In October, treaty people on the unceded territories of the Mi’kmaq and Wolastoqiyik organized a series of actions in defence of the Peace and Friendship Treaties as racism and government actions continue to harm Indigenous peoples.
Racist attacks on Mi’kmaw lobster fishers, New Brunswick’s ongoing practice of penalizing Wolastoqey loggers for cutting wood on Crown land, and the city of Fredericton excavating a site of archaeological importance to the Wolastoqey are just some of the actions violating the spirit of the Peace and Friendship treaties, say Mi’kmaw and Wolastoqey land defenders and allies.
Last Tuesday, October 27, when some workers came briefly to work on the excavation site, Charles Bryant, a lawyer representing the Wolastoqey grandmothers, called the City of Fredericton to ensure that no Indigenous artefacts were removed from Officer’s Square and that the inherent and treaty rights of the grandmothers were respected.
“Essentially, there was a concern that the artefacts were not being, or would not be, properly respected and there had not been any consultation,” said Bryant.
“The Grandmothers’ position is that the treaties require good faith engagement and the Wolastoqiyik must have an active role in the ongoing preservation of their culture. They possess the professional and cultural ability to proceed as the lead in archaeological matters in their territory.”
The Wolastoqey grandmothers say that in Officer’s Square are their ancestor’s artefacts that they wish to protect.
Beverly Perley is one of the Wolastoqey grandmothers occupying Officer’s Square. She has kept a sacred fire lit there for almost two months. She has received support from community allies, but no one from the City of Fredericton has come to her for a dialogue to address her concerns.
“One of the people who came here to see me said the city will think this is city land and it is prohibited to have a fire. I told her that this is not city land and that it is not just a fire,” she said referring to the area as unceded territory and the fire as ceremonial sacred fire.
“We are here to protect our ancestors,” said Perley.
Allies have been paying visits to Perley, donating food, firewood, straw bales, compost toilet and have started a fundraiser that has purchased a camper for her to stay in as it gets colder. Allies are currently trying to find a stove for the encampment.
Next to the sacred fire is a sweat lodge made with young birch branches, adorned with colourful ceremonial ribbons.
On October 1, a full moon ceremony held at Officer’s Square was attended by close to 200 people. The sounds of drum beats and Wolastoqiyik songs filled downtown Fredericton, replacing the usual sounds of passing cars and people coming in and out of bars.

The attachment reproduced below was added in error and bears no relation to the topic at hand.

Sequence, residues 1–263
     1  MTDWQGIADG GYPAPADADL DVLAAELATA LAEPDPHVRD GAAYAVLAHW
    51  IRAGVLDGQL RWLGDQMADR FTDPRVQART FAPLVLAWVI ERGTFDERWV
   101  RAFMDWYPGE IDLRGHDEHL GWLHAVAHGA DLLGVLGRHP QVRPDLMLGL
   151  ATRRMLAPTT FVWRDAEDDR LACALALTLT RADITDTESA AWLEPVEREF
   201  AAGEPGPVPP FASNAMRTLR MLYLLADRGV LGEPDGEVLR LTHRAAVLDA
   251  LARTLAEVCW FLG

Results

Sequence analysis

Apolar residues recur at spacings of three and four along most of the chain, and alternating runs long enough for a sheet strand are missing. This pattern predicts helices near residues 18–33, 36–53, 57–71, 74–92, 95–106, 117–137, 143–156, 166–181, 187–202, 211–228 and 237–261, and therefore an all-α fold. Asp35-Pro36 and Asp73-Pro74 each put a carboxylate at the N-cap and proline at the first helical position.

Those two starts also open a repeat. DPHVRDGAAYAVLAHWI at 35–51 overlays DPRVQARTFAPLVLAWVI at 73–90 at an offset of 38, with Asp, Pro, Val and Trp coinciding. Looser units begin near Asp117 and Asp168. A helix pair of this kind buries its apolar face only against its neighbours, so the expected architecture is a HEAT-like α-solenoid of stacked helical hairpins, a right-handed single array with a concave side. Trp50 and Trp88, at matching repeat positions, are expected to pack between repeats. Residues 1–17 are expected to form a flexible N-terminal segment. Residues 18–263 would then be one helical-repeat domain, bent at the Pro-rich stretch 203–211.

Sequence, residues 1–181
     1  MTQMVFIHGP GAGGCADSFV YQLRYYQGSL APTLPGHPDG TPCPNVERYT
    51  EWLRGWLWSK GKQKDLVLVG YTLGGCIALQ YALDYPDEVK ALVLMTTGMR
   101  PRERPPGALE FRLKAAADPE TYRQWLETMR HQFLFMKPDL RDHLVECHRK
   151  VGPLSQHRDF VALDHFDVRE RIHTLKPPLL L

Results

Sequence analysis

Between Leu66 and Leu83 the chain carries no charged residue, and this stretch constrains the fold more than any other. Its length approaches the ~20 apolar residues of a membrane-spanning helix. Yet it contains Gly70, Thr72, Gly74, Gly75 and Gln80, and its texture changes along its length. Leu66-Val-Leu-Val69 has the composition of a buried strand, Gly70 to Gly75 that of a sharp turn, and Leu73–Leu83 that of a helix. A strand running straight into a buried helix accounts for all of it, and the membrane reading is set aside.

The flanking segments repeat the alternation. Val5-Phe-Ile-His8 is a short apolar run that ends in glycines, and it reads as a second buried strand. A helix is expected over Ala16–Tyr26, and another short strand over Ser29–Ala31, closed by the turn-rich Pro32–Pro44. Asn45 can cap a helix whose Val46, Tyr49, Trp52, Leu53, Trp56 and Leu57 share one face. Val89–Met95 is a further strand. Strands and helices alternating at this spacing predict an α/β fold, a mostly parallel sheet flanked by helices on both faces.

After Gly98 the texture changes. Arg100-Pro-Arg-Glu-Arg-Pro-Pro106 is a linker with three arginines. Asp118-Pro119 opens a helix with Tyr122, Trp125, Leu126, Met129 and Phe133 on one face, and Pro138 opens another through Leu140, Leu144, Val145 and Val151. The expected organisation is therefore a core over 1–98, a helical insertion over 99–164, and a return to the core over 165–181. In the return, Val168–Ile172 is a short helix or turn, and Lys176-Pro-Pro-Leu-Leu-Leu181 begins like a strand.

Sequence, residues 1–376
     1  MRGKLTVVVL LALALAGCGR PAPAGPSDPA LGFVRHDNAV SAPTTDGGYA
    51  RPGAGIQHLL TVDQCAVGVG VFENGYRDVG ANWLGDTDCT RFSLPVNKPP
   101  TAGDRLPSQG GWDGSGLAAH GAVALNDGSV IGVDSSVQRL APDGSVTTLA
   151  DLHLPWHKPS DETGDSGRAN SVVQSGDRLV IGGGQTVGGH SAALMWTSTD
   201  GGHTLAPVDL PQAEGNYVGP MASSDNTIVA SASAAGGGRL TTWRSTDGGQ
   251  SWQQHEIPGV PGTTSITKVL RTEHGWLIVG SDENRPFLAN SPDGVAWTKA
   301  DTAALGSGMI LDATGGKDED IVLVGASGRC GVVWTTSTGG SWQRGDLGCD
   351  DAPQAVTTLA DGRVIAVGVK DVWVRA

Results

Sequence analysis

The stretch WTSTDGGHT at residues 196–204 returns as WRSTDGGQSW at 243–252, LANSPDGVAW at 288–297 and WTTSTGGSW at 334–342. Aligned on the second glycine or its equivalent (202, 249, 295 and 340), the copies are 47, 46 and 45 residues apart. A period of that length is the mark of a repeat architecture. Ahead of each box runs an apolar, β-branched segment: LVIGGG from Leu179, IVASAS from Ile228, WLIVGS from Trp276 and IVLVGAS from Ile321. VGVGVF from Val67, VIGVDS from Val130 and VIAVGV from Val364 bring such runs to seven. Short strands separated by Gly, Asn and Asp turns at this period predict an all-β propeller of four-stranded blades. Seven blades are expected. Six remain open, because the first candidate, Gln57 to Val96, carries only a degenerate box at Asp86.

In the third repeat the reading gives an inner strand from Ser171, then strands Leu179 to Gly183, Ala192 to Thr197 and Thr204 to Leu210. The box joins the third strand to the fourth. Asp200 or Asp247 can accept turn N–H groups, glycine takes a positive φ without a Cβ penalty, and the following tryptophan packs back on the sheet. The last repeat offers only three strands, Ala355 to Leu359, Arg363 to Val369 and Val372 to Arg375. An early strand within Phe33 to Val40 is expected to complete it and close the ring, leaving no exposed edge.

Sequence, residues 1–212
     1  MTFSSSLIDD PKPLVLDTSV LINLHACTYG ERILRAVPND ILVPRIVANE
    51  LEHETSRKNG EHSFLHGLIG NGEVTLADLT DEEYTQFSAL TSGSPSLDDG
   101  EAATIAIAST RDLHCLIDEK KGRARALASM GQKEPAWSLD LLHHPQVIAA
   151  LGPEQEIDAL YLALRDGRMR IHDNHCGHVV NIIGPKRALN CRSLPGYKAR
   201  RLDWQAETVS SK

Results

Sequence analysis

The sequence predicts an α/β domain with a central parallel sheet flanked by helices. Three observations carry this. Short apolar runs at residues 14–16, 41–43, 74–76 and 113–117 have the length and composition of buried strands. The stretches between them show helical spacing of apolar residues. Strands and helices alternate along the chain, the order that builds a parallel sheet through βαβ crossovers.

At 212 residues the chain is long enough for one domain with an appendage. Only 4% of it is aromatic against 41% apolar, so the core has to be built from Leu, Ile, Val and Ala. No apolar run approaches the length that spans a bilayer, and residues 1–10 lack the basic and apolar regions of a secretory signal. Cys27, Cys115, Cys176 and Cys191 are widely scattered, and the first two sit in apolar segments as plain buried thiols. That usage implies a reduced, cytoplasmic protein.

Three days later, on October 4, a vigil to commemorate the Missing and Murdered Indigenous Women and Girls was held in front of the museum at Officer’s Square along with traditional songs and dance.
“People should see that we are not just casinos, drugs and alcohol, but this beautiful culture and traditions that are respectful and loving to Mother Earth,” said Perley.
On October 22, close to 200 people gathered in solidarity with the Mi’kmaw lobster fishers in Nova Scotia at the New Brunswick Legislature in Fredericton.
The rally was part of a national week of actions being taken in solidarity with the Mi’kmaw lobster fishers who are facing racist attacks from non-Indigenous commercial fishers.
Wolastoqewi Grand Chief Ron Tremblay (spasaqsit possesom – morningstar burning) said that a limit needs to be put on the big fishing companies, not the Indigenous people. “We have been doing a better job of conservation than them and we have done that for thousands of years because land and water is our kin,” he said.
Tremblay stated his support for Sipekne’katik Chief Mike Sack and Sipekne’katik fishers to fish according to their hereditary, collective and individual rights.
Fredericton MP Jenica Atwin echoed Tremblay’s words.
“Imposing a moderate livelihood on a sovereign nation is unconstitutional,” she said.
Husoni Raymond with Black Lives Matter (BLM) Fredericton gave a short speech at the end to support Indigenous sovereignty saying it is closely interconnected to Black liberation.
On October 24 at a rally in support of Mi’kmaw fishers at Saint John City Hall, Aaliyah Hogan with Black Lives Matter Saint John said: “It is the role of every Canadian to help break the painful generational cycle of abuse inflicted on Indigenous people.”
The solidarity rally in Saint John was organized by the Eastern Circle, FLIP Saint John, Leap4Wards and Black Lives Matter Saint John.
“In 1872 we saw thousands upon thousands of buffaloes killed because the mindset of ‘for every buffalo killed is an Indian gone’, and here we are in 2020, 148 years later and history is repeating itself,” said Mykayla Spinney, a co-founder of Eastern Circle.
“Buffalo were hunted in order to sustain life and feed First Nations, just like lobster does now. This is not about making money and profiting and it never was, this is about livelihoods and feeding communities. No more sitting by, talking and watching history repeats itself. It’s time we, as a community, come together – native and allies – and do something,” she said.
The Saint John rally ended with a one-kilometre walk to the Wolastoq (Saint John River) estuary where Ramona Nicholas, a Wolastoqey knowledge keeper, led a water ceremony to send prayers and support to the Sipenek’katik lobster fishers.
David Bedford, a retired professor of political science at the University of New Brunswick, will be speaking about the Marshall Decision Two Decades Later: Emancipation as Oppression on November 19 at 7:00pm (Atlantic time) by Zoom. Email firstname.lastname@example.org for the link.
Data Brainata is a permaculturist-in-training with an interest in politics.